In these days of so much devastation and sorrow surrounding so many impacted by Covid, political turmoil, and economic woes, it is a gift to encounter something uplifting to read. Notes from a Small Dog was exactly what I needed. This delightful small book packs a big punch. Well-written, straight to the heart, from the beginning of Ani’s introduction to the computer to her adorable antics throughout I didn’t stop smiling. As I’m writing this review I’m aware of how light my body feels, especially my left chest area deep inside where my heart is filled with gratitude. Being an avid dog lover this was more than a sweet read. It spoke to so much I love about dogs and how they are simply my best teachers. From the pen of a talented author who beautifully expresses the loyalty and companionship unequaled by dogs, comes a wonderful book. Not just for dog lovers but anyone who wants to feel good this is the one for you.

Notes from a Small Dog

Four Legs on Two

Sue Vincent

Available in Paperback and for Kindle, via Amazon UK, Amazon.com and worldwide.

The Small Dog on Ageing…

 

She fell on her face and she looked none too happy…

And recently she seems to feel pretty crappy…

Most mornings, I hear her, when rising from bed,

And where once she’d be singing, she’s groaning instead.

*

Now me, I can sympathise, getting no younger,

I still want my walks but without the same hunger,

I still need my ball and my toys and to play…

But these days, I’m happy to sleep half the day.

*

We’re ageing together, my two-legs and me,

Where I can still run, she’s slowed up mightily,

I’ll still make a run for a half-open gate,

The only thing she’s heading fast for is ‘late’.

*

But while we’re both here, we’ll believe in forever,

In loving and living and laughing together,

For one thing that never grows old is the heart

And once filled with love no two hearts ever part.

Notes from a Small Dog: Four Legs on Two: A Review

Another wonderful review for the Small Dog! Thank you, Di…

Available in Paperback and for Kindle, via Amazon UK, Amazon.com and worldwide.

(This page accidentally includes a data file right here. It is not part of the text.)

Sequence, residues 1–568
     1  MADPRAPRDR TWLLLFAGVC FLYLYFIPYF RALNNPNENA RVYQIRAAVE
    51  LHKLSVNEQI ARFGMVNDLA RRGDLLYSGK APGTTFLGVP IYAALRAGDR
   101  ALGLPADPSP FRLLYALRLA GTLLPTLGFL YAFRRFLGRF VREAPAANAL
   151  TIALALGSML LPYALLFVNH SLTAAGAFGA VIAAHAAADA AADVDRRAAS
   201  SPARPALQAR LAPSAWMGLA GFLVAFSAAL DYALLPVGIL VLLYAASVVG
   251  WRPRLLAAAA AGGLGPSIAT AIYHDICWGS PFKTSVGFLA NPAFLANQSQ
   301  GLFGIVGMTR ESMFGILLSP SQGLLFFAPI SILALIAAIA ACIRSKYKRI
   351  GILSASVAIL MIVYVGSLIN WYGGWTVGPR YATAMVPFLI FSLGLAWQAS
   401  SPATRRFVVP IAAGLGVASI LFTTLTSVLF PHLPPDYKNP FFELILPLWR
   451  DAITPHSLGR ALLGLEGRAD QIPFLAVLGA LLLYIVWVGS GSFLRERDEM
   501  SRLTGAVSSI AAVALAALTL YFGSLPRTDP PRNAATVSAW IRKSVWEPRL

pensitivity101

Notes from a Small Dog, Four Legs on Two.
ISBN 9781910478271

This is my fourth Ani book by Sue Vincent, and definitely my favourite.
A combination of verse and prose, it captures a dog’s eye view of food, cheese, balls, snow, ownership and emotions, with the occasional entry from Sue herself.
This has 142 pages, 146 including the end credits and details of other publications.
The photographs match the chapters, especially Indignant Small Dog where the chosen picture is priceless above the first sentence
‘She hid the ball!’

I laughed out loud at that and kept that smile on my face until turning the light off.

We frolic with Ani in the snow, cheekily pilfer morsels from plates, plead with big brown eyes, and generally get our own way, even when we’ve been in the dog house.
We share long buried bones, commiserate when she’s forced to have a bath…

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Laughter Lines by Sue Vincent

A wonderful review from A. C. Flory…

Laughter Lines by Sue Vincent

I just left a 5 star review for Laughter Lines: Life at the Tail End by Sue Vincent. And I still haven’t stopped smiling. The review should be up on amazon.com in a day or two, but this is what I said:

I have never been a poetry person, but there’s something about Sue Vincents poems that really strikes a chord. They’re earthy, and funny, and poignant, and paint word pictures of things we’re all familiar with. Who has not dunked a biscuit [cookie] in coffee only to have it break and fall in the cup? Such a small, every day thing, and yet Vincent makes it laugh-out-loud funny.

Continue reading at Meeka’s Mind, the blog of A. C. Flory